Today, a friend posted a status update about how inexplicably happy reading the Esther the Wonder Pig story had made her when she read it in The Guardian. Of course it made her happy because very few of us are made unhappy about a story of someone finding love and sanctuary. I am delighted she expressed that feeling and that Esther’s story could elicit that sentiment. What I find disheartening is that on this perfect occasion and spoken to a vast, international audience, the author did not even think about mentioning veganism or using this opportunity to say “hey if Esther’s story speaks to you, then you really should go vegan because like Esther, all the animals we eat and use are just as deserving to live their lives. There is no difference between Esther and the billions of fish, cows, chickens, pigs, sheep, goats and rabbits except that they have no given name.” Can you imagine the impact of that? On my friend? On your friends and family?
Instead, the author did tell us about how “Esther’s social media presence became [his] job.” Well, that is good for him, but why does that matter? How does that matter to Esther herself or to anyone like her? He also tells us how Esther “makes a lot of people smile and many really open up to her,” which is wonderful and speaks volumes about the responsibility the author has as someone who could reach a lot of people. In fact, the author indirectly admits this by letting us know that, “[a] woman in the US recently wrote, ‘Thank you for showing my two young boys that it’s OK to have two dads.’” Exactly! How wonderful! Look at what you and Esther can do by your very presence and existence, dear author.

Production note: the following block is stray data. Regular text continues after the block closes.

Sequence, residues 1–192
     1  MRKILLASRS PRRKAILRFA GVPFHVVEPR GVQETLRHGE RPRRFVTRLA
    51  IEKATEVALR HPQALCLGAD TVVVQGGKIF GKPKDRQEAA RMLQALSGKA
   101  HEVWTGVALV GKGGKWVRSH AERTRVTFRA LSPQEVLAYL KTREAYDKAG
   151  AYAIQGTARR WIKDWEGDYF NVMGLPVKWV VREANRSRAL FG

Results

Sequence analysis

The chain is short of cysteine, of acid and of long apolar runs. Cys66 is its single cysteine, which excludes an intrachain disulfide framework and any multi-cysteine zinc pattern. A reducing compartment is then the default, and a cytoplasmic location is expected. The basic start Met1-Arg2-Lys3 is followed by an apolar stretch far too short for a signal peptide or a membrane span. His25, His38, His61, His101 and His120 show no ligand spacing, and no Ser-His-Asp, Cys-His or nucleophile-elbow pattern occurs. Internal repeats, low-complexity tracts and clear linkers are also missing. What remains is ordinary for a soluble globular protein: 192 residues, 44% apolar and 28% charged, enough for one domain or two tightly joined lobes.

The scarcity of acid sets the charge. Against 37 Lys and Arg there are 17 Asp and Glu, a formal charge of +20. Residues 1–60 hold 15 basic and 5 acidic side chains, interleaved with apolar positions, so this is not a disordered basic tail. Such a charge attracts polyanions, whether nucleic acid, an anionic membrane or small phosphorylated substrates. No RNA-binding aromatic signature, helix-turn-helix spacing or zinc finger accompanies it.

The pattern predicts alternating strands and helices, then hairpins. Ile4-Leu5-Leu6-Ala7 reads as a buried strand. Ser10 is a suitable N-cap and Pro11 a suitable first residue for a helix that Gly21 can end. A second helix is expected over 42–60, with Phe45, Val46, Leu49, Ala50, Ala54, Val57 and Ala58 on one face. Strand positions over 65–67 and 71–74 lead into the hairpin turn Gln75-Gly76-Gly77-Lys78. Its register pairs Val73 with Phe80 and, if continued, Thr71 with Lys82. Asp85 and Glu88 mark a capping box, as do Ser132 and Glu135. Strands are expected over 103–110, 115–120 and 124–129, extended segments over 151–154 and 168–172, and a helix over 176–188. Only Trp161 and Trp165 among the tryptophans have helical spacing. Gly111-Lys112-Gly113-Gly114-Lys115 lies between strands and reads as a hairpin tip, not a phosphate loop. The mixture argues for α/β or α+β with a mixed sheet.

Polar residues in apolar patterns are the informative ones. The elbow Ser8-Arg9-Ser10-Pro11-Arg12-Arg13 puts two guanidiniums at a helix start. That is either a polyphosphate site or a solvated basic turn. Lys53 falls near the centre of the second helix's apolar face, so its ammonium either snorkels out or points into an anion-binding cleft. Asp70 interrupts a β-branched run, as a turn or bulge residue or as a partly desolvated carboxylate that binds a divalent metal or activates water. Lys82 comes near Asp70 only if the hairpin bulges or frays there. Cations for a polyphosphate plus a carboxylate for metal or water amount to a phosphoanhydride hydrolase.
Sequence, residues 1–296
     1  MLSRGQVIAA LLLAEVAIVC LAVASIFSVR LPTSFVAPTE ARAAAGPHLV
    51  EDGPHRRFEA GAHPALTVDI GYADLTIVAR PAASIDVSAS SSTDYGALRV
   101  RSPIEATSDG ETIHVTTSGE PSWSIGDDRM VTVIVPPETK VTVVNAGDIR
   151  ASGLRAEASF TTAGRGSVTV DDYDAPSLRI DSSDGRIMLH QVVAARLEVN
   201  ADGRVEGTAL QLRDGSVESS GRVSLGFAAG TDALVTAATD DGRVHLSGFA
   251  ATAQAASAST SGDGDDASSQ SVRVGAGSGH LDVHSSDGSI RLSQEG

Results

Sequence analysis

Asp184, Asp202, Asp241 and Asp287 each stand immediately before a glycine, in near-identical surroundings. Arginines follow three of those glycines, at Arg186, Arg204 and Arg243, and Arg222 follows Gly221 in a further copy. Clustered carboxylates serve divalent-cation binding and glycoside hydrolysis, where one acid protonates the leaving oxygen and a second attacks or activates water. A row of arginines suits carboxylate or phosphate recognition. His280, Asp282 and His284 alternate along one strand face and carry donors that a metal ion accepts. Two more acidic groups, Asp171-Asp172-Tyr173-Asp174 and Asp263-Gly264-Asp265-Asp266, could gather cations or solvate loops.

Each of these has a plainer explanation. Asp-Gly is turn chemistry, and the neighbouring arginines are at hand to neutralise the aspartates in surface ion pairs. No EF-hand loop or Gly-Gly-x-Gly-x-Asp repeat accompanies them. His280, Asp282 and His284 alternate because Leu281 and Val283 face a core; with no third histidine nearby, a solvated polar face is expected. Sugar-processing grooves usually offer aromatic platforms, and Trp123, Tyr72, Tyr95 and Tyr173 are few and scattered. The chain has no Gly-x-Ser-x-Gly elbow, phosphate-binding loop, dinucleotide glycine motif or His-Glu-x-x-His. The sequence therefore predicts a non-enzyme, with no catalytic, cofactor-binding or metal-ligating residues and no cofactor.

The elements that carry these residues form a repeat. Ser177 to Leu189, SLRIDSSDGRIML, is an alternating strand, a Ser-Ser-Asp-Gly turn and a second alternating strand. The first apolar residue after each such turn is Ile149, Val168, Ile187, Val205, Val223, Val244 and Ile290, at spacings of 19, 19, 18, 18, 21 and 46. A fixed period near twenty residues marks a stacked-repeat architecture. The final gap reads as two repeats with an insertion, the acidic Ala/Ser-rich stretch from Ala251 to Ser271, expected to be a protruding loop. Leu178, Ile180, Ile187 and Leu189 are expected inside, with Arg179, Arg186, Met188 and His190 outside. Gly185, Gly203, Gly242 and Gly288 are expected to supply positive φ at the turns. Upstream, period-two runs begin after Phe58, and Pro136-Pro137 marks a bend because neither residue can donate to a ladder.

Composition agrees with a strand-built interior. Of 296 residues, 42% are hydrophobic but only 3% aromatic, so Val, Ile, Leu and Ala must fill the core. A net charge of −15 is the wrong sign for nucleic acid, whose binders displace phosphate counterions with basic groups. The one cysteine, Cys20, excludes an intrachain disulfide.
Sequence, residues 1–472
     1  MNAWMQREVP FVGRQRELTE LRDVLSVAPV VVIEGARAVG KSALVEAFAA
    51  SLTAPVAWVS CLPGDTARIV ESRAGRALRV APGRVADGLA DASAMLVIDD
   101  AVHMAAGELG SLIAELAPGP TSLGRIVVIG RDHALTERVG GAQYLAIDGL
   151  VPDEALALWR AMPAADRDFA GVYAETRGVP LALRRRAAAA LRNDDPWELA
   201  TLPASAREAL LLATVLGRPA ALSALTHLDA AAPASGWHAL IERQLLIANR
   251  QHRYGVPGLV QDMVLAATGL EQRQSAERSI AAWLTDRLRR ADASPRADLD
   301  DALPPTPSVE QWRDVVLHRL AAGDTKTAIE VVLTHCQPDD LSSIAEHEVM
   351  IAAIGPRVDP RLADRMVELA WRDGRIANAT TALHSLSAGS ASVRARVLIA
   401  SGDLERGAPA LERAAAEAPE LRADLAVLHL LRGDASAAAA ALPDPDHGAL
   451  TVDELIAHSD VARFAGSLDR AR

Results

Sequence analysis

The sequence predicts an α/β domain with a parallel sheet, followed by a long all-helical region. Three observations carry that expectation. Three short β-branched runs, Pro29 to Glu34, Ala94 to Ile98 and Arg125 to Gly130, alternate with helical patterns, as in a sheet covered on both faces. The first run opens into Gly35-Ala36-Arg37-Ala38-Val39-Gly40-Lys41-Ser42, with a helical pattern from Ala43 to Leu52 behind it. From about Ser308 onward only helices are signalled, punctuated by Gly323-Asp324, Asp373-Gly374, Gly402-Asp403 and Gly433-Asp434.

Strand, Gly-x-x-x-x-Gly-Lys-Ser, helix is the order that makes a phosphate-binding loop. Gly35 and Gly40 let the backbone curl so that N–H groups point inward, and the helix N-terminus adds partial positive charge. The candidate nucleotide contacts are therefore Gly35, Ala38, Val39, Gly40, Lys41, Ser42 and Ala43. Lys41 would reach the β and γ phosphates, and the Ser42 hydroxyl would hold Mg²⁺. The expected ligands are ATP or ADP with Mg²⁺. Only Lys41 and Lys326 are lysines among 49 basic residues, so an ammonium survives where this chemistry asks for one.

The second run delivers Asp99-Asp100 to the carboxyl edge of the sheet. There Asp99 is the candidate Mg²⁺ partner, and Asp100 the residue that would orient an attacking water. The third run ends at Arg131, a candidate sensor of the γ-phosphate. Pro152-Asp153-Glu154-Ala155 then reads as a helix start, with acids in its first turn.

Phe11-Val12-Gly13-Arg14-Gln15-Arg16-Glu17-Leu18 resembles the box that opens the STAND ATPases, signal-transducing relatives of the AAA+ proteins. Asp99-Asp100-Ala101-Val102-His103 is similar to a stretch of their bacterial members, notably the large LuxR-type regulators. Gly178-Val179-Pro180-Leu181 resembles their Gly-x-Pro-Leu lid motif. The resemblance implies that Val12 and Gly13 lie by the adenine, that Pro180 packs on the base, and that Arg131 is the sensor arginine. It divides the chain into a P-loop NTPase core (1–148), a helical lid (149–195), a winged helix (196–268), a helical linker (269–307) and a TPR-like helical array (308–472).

Yet, no, “We’re not out to promote gay or animal rights in a direct way, Esther just seems to have this positive effect on people.” Why not? Why are they not directly speaking about the very things that they are? Why are they being so oblique about the very thing – justice, love and sanctuary – that defines them and everything in which they believe in? Why would anyone with access to a huge platform diminish, or relegate to an indirect space, the very essence of the thing that so deeply defines them? Why is it so anathema to advocate clearly for the right of all beings to be left alone and not slaughtered for our taste buds and vanity? It baffles this author’s mind and breaks her heart too.
Esther has a life because of her two dads. She might not have been the pig they were expecting, but her very existence demands that they – and we – become the advocates that she and all the animals like her want us to be.
We cannot have a positive reaction to Esther’s story or any animal story for that matter, and go on using them for reasons that are purely frivolous – pleasure and convenience. We do not need to use animals to thrive, or look great or eat delicious things. Please give this some thought. It is the relationship with Esther herself that opened up the eyes of her “two dads” to go vegan. And like them, we all can go vegan. http://www.howdoigovegan.com